Rescued Sea Otter Pup at Aquarium of the Pacific

These otters were rescued but will not be released into the wild.
Photos by Charly SHELTON


The Aquarium of the Pacific (AotP) is excited to introduce a young sea otter, named 968, who is the first releasable rescued sea otter pup to be paired with a surrogate mother. The pup is being raised as part of the AotP’s comprehensive sea otter rescue and rehabilitation program. This initiative is a collaborative effort with the Monterey Bay Aquarium’s Sea Otter Surrogacy Program, designed to help stranded sea otter pups learn the essential skills needed for survival in the wild.

Megan Smiley, Sea Otter Program Manager at the Aquarium of the Pacific, explains the process of enriching the otters’ environment. “Everything we are doing is aimed at helping them gain experience necessary for foraging in the ocean,” Smiley said. The team creates simulated natural habitats, such as a mussel pylon filled with mussels and clams, to encourage the otters to forage as they would in their natural habitat​.

The program places a strong emphasis on minimal human interaction to ensure the pups do not become accustomed to human presence. Smiley notes, “We wear a welder’s mask and a barber’s cape to hide our human form as we’re throwing food up and over,” emphasizing the importance of maintaining the otters’ natural wariness of humans​.

Brett Long, senior director of birds and mammals at the Aquarium of the Pacific, highlights the significance of this initiative. “For the first time in the history of the Aquarium of the Pacific, a releasable rescued sea otter pup has been paired with one of our surrogate moms,” Long said. The goal is for the pup, rescued just north of Santa Cruz, to learn survival skills from Millie, an experienced surrogate mother. This pairing is vital as it helps the pup learn to groom, forage, and socialize — skills necessary for its eventual release back into the wild​.

Brett Long, senior director of birds and mammals at the Aquarium of the Pacific, welcomed guests.

Since joining the Monterey Bay Aquarium’s program in 2020, the Aquarium of the Pacific has expanded its capacity to care for and rehabilitate stranded sea otter pups. This partnership has enabled the facility to house and care for up to four pups per year, effectively doubling the number of otters that can be prepared for release into the wild​.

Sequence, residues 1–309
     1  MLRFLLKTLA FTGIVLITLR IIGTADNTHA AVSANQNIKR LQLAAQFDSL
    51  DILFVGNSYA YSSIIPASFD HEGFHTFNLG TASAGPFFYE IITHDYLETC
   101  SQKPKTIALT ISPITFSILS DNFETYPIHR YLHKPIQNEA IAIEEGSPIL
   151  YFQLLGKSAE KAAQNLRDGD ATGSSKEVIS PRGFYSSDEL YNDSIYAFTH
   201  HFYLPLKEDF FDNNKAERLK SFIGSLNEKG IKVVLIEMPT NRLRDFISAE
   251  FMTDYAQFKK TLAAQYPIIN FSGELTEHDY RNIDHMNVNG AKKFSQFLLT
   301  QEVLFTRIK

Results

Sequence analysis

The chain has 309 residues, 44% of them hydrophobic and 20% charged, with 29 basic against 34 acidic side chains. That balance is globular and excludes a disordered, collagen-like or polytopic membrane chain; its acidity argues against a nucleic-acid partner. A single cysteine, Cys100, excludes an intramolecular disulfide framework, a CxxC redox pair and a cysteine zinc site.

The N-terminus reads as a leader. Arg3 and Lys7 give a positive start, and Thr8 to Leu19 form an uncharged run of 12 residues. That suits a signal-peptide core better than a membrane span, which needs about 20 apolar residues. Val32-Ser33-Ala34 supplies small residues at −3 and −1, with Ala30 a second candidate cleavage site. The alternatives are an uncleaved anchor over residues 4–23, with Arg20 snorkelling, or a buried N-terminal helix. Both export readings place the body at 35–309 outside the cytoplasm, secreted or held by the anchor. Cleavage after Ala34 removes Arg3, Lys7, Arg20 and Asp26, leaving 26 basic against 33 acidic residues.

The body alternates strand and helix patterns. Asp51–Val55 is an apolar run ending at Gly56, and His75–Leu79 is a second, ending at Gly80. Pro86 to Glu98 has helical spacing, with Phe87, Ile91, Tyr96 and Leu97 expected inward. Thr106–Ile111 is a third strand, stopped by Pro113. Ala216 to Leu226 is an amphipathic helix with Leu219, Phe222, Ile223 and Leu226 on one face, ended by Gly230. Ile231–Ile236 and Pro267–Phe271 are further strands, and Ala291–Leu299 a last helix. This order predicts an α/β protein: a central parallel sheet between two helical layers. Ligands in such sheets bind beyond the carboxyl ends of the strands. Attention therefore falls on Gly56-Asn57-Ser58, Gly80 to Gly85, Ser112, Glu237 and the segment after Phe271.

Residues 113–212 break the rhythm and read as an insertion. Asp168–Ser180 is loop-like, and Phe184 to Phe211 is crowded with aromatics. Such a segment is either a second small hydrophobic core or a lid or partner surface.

Sea otters play a crucial role in their ecosystems, Long said, acting as “ecosystem engineers” by controlling sea urchin populations and promoting kelp forest health. Their numbers have increased from a critical low of about 50 animals in the 1930s to nearly 3,000 today, but continued conservation efforts are essential for their recovery​.

Through these efforts, the Aquarium of the Pacific aims not only to rehabilitate and release sea otters but also to educate the public about the importance of these animals and the challenges they face. This program is a testament to the commitment of the Aquarium and its partners to marine conservation and the recovery of this iconic species.

Millie and 968 are living happily out of human view at the Aquarium of the Pacific, but members of the media were invited backstage to see a live webcam view of the otters interacting with their environment. Guests at the Aquarium can learn more about the Sea Otter Surrogacy program at a dedicated informational display toward the back of the outdoor exploration space. And to see both the surrogate otters as well and get up close with the resident otters, check out our video on YouTube by searching Zipahdeedoodad, or by scanning the QR code attached to this story.

This otter was rescued but will not be released into the wild.
Photos by Charly SHELTON